Research shows employers cannot afford to axe mature workers.

In this era of economic adversity, experts say it does not make sense for employers to overlook mature aged workers – because their resilience and experience provides valuable inputs for businesses.

Governments can also overlook the value of older workers, as shown by the SA Government recently pulling its funding to DOME (the Don’t Overlook Mature Experience training organisation), which provided valuable support services to mature job seekers.

“A common mistake is to think of mature workers as all being the same,” says Flinders University Human Resources and Management expert Dr Valerie Caines.

“There is huge variation among mature workers’ motivations, capabilities and needs. Their experience is especially valuable now, because mature workers can offer considerable value to an organisation during a crisis and play an important role in helping a business progress to the ‘next normal’.”

Dr Caines says older workers may also hold the solution for filling employment gaps in organisations, due to diverse skill sets they have developed through their working life.

“Mature adults demonstrate considerable resilience,” she says.

“The aspect of role modelling resilience is an especially important influence on younger workers. It includes mature coping strategies, emotional intelligence and empathy – and these attributes have never been more important in the workforce.”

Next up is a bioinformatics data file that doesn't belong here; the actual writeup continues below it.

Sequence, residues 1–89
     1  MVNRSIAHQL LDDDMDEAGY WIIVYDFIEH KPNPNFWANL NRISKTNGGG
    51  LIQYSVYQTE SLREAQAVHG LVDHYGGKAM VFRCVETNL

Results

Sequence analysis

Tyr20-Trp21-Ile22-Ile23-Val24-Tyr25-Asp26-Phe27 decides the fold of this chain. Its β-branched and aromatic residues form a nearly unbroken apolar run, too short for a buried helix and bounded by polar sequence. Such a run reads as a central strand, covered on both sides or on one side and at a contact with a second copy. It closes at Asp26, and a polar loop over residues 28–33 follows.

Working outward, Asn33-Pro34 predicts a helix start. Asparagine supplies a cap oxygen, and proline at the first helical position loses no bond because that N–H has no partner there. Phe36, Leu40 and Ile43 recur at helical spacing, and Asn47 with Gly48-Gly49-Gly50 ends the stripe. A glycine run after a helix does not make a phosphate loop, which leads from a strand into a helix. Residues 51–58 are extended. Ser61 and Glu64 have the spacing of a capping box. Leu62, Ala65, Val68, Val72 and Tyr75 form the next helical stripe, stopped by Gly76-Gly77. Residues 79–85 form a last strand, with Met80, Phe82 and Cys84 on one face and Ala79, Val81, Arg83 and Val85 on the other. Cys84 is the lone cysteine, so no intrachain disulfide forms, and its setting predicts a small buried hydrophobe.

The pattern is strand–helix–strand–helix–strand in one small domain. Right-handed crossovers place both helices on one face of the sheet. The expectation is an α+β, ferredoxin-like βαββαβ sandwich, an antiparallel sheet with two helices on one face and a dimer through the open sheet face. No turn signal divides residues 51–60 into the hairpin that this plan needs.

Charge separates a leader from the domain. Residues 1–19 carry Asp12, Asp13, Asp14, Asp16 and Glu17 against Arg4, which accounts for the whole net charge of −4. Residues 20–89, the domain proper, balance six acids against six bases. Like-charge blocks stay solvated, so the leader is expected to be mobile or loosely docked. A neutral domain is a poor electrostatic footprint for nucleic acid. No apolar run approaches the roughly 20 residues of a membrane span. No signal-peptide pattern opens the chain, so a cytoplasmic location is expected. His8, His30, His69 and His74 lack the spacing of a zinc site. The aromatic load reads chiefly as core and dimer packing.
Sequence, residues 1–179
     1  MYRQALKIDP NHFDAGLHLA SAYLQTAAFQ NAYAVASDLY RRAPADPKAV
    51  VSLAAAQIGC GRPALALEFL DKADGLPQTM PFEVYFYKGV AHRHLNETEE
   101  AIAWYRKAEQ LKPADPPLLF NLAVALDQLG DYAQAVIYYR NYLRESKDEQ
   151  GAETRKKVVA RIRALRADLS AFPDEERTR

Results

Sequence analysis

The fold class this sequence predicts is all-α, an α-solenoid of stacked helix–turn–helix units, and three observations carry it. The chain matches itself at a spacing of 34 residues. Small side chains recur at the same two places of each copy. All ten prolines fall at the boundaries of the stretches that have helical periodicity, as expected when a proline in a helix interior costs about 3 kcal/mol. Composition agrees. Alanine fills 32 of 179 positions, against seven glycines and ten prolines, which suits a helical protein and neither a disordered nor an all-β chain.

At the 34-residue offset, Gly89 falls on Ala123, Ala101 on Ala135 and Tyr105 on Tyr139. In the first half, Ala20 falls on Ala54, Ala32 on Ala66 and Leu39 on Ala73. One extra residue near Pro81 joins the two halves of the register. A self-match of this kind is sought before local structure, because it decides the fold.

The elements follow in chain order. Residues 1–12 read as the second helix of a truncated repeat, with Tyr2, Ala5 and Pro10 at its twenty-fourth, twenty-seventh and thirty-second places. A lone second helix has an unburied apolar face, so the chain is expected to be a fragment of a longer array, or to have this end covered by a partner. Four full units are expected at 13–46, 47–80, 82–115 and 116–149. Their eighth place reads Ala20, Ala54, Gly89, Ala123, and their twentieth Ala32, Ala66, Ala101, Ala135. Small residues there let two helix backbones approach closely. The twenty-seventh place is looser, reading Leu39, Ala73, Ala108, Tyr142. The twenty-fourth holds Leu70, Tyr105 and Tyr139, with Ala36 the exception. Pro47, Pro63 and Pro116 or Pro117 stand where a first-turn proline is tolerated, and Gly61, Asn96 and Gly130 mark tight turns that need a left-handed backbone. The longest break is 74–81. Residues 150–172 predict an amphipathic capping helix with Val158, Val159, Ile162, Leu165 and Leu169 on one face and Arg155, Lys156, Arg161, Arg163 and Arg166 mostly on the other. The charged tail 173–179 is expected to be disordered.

This resilience could be a key capability for workers engaged in the ‘Fourth Industrial Revolution’, with the accelerating embrace of artificial intelligence, robotics and automation.

Another significant employment change in times of economic downturn is that entrepreneurship increases, especially among older people. Dr Caines believes it is likely that many retrenched mature workers will look to self-employment – but she also believes that such entrepreneurial endeavour should be harnessed within a company’s workforce.

“Now, more than ever, organisations need intrapreneurship to find and address unseen opportunities,” says Dr Caines.

“That knowledge and spark of inspiration may well come from older current employees, or older potential employees.”

Dr Caines says the employment sector must initiate greater planning and more structured policy that recognises and specifically includes older workers.

“Our research is focusing on the ever-growing numbers of older workers and possible considerations for workplace practices and policies that make the most from the qualities older workers bring,” she says.

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